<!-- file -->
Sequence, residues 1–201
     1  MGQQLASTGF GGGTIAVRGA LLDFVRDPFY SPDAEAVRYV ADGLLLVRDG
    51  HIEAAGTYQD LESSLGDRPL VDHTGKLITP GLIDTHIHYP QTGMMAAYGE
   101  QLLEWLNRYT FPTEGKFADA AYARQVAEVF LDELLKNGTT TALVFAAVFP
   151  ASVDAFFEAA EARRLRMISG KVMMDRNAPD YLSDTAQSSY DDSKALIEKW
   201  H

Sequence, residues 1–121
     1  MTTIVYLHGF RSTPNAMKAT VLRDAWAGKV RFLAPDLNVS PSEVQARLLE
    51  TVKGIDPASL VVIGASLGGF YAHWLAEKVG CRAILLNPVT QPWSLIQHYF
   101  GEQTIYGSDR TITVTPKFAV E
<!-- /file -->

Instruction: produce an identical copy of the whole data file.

Sequence, residues 1–201
     1  MGQQLASTGF GGGTIAVRGA LLDFVRDPFY SPDAEAVRYV ADGLLLVRDG
    51  HIEAAGTYQD LESSLGDRPL VDHTGKLITP GLIDTHIHYP QTGMMAAYGE
   101  QLLEWLNRYT FPTEGKFADA AYARQVAEVF LDELLKNGTT TALVFAAVFP
   151  ASVDAFFEAA EARRLRMISG KVMMDRNAPD YLSDTAQSSY DDSKALIEKW
   201  H

Sequence, residues 1–121
     1  MTTIVYLHGF RSTPNAMKAT VLRDAWAGKV RFLAPDLNVS PSEVQARLLE
    51  TVKGIDPASL VVIGASLGGF YAHWLAEKVG CRAILLNPVT QPWSLIQHYF
   101  GEQTIYGSDR TITVTPKFAV E